Acclaimed Austrian psychiatrist, Viktor Frankl, would have celebrated his 110th birthday on March 26, 2015. Though it’s been more than 15 years since his passing, his work to help humanity understand happiness continues today.
Born March 26, 1905 in Vienna, Frankl was the founder of logotherapy, a form of existential analysis and psychotherapy.
He was also a prolific author of over 39 books published in 43 languages, including his celebrated memoir, Man’s Searching for Meaning. Based partly on his time in Nazi concentration camps between 1942 and 1945, Frankl’s memoir sold more than 10 million copies worldwide at the time of his death in 1997, making it one of the best-selling books of the 20th century.
Drawing from both his personal experiences as a Holocaust survivor, and the experiences of the patients he treated years later, his work on the nature of human suffering represents an important distinction between our perception of happiness and the process of discovering happiness through meaning.
It also may offer some important solutions to the career crisis many people are facing today and the growing dissatisfaction we see in the workplace.
Work and Suffering
The hellish conditions Frankl endured at Theresienstadt, Auschwitz, and Dachau taught him an important lesson on the nature of human suffering. Though humans often view happiness and circumstance as inseparable, Frankl argued that even in the most challenging of environments, we have the power to choose our own path based on how we react.
In his memoir, Frankl wrote: “If there is a meaning in life at all, then there must be a meaning in suffering. Suffering is an ineradicable part of life, even as fate and death. Without suffering and death human life cannot be complete.”
According to Frankl, the discovery of meaning happens because of three factors: Having something to work on (a project), someone to love (a significant relationship), and a redemptive view of suffering.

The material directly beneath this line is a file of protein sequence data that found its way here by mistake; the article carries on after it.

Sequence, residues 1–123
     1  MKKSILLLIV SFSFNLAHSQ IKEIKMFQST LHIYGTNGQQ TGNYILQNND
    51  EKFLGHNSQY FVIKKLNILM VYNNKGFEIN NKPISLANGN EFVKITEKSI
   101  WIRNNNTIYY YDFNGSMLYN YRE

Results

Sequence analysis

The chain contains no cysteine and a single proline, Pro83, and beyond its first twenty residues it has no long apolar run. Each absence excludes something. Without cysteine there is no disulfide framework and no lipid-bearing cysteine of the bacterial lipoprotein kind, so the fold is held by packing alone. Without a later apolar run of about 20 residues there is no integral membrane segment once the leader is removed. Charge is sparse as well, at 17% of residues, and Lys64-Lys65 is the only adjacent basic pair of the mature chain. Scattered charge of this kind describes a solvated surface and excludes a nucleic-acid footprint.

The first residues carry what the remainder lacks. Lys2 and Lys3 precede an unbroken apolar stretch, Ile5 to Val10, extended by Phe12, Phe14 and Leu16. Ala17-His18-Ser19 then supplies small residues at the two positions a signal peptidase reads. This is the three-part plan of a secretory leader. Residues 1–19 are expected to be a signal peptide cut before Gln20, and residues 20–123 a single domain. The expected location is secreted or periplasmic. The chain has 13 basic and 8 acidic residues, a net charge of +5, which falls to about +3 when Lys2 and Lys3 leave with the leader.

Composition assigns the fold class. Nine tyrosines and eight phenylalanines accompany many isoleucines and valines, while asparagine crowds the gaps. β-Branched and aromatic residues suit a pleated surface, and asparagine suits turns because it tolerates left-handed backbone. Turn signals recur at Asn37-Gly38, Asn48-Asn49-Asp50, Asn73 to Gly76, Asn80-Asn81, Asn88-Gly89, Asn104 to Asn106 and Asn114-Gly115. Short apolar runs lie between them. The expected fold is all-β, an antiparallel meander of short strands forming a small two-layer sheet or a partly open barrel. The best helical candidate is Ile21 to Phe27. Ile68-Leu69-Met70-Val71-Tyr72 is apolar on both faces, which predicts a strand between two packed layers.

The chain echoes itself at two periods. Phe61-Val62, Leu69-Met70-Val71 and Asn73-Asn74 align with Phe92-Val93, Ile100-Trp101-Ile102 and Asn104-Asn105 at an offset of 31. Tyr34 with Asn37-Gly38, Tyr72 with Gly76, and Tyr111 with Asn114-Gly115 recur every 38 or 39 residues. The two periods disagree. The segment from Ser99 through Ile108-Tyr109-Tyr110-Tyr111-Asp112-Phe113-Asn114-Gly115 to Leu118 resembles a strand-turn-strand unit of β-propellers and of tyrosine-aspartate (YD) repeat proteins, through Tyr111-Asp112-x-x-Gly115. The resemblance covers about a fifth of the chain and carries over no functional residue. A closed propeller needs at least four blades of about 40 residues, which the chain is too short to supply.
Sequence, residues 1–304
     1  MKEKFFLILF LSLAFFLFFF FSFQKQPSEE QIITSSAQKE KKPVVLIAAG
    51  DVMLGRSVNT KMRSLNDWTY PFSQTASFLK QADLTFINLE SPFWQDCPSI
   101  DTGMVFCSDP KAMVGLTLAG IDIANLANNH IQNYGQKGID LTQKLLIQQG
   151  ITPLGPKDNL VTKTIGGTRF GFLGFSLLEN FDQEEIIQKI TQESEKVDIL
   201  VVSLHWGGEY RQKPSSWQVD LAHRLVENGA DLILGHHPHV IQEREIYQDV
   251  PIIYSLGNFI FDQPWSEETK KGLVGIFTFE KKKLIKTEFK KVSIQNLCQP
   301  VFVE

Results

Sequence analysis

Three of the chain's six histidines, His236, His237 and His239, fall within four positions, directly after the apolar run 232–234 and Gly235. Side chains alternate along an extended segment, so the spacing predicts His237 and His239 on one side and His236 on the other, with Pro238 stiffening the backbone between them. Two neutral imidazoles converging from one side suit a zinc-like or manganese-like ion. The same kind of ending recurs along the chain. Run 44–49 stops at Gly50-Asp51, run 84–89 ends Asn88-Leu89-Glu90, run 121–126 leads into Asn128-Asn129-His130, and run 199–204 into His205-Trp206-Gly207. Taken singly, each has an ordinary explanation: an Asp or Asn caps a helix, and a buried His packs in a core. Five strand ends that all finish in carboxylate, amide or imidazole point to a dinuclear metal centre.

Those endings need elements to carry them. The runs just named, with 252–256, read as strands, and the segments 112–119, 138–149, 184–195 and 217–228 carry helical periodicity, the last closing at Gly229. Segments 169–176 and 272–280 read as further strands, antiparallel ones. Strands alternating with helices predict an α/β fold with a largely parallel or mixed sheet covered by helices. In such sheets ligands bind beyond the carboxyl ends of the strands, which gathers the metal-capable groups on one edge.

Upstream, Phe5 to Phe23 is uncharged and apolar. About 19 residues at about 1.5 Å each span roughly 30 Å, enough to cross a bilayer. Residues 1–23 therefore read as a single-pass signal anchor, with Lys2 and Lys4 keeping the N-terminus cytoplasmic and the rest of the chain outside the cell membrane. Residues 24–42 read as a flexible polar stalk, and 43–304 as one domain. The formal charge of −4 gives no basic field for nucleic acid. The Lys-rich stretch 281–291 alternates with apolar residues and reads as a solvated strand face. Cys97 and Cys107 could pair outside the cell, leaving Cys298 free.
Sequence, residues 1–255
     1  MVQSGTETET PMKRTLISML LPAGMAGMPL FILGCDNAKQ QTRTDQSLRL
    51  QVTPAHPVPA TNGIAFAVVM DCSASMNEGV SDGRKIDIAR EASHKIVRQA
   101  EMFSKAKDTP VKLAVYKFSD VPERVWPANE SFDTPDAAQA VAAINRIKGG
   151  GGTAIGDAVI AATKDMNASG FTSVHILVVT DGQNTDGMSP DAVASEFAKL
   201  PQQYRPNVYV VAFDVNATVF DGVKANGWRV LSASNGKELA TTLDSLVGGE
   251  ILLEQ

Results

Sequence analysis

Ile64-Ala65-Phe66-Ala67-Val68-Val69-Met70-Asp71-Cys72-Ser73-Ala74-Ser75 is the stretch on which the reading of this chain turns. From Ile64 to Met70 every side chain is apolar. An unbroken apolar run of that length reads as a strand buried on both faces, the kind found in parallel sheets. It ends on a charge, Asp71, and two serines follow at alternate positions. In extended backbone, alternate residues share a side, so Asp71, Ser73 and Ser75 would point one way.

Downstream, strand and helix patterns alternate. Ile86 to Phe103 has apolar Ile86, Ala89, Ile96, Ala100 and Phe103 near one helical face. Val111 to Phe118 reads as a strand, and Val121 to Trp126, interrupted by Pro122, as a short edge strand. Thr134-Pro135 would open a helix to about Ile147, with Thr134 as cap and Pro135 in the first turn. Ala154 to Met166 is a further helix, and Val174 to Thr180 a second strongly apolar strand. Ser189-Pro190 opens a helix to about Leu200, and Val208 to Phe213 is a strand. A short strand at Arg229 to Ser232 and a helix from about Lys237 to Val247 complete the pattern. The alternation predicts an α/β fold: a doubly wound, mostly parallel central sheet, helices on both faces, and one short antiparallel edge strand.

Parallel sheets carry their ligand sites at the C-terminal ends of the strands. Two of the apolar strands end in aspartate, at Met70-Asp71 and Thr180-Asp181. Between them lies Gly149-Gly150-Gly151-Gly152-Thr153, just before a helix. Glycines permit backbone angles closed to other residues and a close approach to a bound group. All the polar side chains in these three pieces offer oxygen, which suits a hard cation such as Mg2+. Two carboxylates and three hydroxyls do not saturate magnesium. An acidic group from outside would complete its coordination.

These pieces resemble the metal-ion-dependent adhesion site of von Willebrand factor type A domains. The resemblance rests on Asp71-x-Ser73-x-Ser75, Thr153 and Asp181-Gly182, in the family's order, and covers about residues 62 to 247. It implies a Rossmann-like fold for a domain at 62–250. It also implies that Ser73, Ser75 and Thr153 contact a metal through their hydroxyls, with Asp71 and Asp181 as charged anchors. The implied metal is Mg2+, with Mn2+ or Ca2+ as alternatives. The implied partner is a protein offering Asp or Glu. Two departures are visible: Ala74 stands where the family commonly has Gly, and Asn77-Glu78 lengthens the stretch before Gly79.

Despite his environment, he remained dedicated to working on the book manuscript he had started before entering the first concentration camp. He also remained convinced that his family was waiting for him, something that helped him stay alive.
With time and reflection, Frankl saw beyond his suffering to the purpose in his pain — an awareness that brought light to his experiences and helped him survive the worst of the Holocaust when many others did not.
What This Means for Us Today
When contemplating stories like that of Viktor Frankl, we might wonder if the difference between remarkable people and the rest of us has less to do with circumstance and more to do with mindset.
The direct route to deeper purpose is rarely smooth sailing. It is a chaotic experience, and how we respond to the chaos is what matters far more than what happens to us along the way.
As Frankl argued, the way to overcome a feeling of purposelessness isn’t to focus on the problem but to find a more noble distraction. Perhaps, the best way, then, to finding happiness — in work and in life — is to stop trying to be happy and start focusing on what brings meaning to our lives.
Whether that’s finding the path to a new career or simply seeking a different perspective on the work we already do, we all have the power to turn our lives into significant stories if we can learn to see our obstacles as opportunities.
And if true happiness and meaning are indeed intertwined, then perhaps the first step to finding the path to our purpose is accepting that it doesn’t happen according to some carefully-crafted plan. It’s what’s left when the plan goes horribly wrong.
Happiness, in other words, is not a condition but a choice.